1. Social Distance but Stay Socially Connected. Physical distancing is now the norm to prevent the spread of Covid-19, but the need to socially connect is greater than ever. We are social animals and we need each other. Alternative ways to connect are by phone, Facetime/Zoom, and meeting outdoors properly distanced. This can be a perfect time to reconnect with old friends and strengthen current ties.

  2. Nurture Yourself with Nature. Humans have had an intimate dependency on nature for 2 million years. Being in nature reduces our stress, lowers our blood pressure, calms our nervous system, and increases our cognitive functioning. Walk in your neighborhood, hike at your local park, or sit under a tree. You will feel rejuvenated and refreshed with the added benefit of bolstering your immune system.

  3. Limit Social Media. It can be easy to consume too much news and social media. Ask yourself how you feel after you spend time on Facebook or Twitter, or read/watch the news. If you are becoming emotionally upset, frustrated, or experiencing any negative feelings, consider scaling back. A constant diet of these negative emotions can have a profound effect on your physical health. You want to be informed but not at the expense of your physical and emotional health.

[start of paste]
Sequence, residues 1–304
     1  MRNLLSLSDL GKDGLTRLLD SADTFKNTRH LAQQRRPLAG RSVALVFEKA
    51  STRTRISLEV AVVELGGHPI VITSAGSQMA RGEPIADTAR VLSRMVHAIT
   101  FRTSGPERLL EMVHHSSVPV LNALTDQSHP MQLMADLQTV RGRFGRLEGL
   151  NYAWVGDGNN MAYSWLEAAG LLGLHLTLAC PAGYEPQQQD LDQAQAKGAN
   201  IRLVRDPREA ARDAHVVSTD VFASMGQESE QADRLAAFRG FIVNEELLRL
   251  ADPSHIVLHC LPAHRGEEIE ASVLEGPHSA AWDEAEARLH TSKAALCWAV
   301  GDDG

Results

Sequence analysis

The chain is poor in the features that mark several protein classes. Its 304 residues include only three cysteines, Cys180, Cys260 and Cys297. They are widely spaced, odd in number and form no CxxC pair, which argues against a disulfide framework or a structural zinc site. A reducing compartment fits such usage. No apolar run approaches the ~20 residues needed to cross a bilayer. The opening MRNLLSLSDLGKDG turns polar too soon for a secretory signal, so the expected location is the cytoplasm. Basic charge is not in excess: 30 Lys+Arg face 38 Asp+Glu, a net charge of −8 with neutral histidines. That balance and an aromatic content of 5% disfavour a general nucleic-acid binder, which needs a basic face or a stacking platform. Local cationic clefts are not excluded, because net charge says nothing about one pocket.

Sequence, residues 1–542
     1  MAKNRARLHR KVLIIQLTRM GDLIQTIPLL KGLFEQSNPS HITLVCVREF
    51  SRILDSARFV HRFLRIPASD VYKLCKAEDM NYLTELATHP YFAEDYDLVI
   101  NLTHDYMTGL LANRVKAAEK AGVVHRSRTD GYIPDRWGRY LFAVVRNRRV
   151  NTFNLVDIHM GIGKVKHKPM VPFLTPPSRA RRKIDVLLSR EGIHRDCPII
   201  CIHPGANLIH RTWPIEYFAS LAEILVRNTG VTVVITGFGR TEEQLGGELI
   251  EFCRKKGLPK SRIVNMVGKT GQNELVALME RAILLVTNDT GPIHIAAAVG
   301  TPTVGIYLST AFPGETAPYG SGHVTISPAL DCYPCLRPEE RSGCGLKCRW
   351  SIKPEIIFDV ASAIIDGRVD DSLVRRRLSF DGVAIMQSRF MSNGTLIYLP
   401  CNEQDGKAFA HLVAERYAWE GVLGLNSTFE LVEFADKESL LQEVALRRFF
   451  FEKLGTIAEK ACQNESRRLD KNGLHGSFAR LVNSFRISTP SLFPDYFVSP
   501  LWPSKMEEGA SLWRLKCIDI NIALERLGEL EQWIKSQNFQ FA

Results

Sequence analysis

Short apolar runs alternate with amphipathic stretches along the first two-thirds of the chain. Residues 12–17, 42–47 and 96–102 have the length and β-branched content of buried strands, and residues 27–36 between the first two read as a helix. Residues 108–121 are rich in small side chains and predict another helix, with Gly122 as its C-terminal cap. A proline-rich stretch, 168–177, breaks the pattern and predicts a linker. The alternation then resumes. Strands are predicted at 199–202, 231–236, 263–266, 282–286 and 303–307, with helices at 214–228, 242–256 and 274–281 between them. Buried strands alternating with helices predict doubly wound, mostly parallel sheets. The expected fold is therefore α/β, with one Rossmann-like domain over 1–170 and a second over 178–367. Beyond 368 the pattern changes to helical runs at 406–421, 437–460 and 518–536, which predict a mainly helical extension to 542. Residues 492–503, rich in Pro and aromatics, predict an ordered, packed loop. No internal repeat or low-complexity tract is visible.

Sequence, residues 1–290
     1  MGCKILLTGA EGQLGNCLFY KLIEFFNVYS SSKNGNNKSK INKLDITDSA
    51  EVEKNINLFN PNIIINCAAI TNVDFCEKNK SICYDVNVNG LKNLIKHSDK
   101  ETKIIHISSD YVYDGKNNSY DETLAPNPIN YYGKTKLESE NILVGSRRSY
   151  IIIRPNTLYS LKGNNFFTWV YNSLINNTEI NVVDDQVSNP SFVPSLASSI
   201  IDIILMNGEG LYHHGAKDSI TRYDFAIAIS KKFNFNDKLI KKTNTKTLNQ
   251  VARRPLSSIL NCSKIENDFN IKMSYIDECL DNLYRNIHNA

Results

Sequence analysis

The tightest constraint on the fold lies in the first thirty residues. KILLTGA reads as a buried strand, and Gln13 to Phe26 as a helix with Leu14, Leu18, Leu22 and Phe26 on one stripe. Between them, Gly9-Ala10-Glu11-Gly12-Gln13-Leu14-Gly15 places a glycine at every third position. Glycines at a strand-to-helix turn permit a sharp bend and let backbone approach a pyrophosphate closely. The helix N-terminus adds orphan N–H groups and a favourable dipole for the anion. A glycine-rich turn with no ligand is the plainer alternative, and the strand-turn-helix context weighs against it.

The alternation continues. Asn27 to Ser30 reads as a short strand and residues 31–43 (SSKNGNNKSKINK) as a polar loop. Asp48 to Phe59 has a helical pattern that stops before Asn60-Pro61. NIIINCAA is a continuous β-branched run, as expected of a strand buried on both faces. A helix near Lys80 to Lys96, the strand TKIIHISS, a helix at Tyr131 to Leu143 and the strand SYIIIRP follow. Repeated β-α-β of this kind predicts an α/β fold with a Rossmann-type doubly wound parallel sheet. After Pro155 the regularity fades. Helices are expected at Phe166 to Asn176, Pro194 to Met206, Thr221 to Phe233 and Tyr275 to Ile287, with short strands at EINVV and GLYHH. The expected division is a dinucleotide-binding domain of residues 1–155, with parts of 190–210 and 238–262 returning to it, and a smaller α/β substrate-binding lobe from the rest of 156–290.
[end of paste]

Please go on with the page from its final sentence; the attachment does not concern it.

4. Self-Care. Practicing self-care techniques maximizes our immune system, which helps our body more effectively deal with viruses and bacterial exposure. Avoid inflammatory foods such as sugar and processed foods. Eat vegetables, fruits, and healthy proteins. Supplements such as vitamin D, C, and B vitamins are typically consumed to support the immune system. Additionally, get restorative sleep (if you have ongoing sleep issues, consult with a health practitioner until resolved), reduce stress as much as possible, and take time for things you enjoy. Exercise on a regular basis; the best exercise is the one you do. You don’t need a gym membership and lengthy time commitment. Walk outside after work for 10 minutes, or find a 5-10 minute exercise you enjoy on YouTube. Even the simplest exercise when done daily will yield results over time.

  5. Accept that it is a CRAZY TIME. If you are feeling unhinged, stressed or unsure -- whatever you are feeling -- know that you are not alone. Not only has Covid-19 upended our lives, but the world seems to be trying to birth new awareness for social change. The deaths of George Floyd, Breonna Taylor and others as well as the disproportional effect of the pandemic on people of color have intensified calls for social change. We are being called to examine our personal biases and privilege and to gain an awareness of institutionalized marginalization of our most vulnerable. We are also facing a divisive election year with the politicizing of all of these issues.

With so many issues coinciding, the stress is palpable, and resources tapped. It is normal to feel the weight of the situation, the anxiety of the unknown, or losses related Covid-19. The key is to allow yourself to feel whatever you feel, for as long as you need to. This means touching into the feelings, but not drowning in them. Once you recognize your emotional needs, turn to resourcing.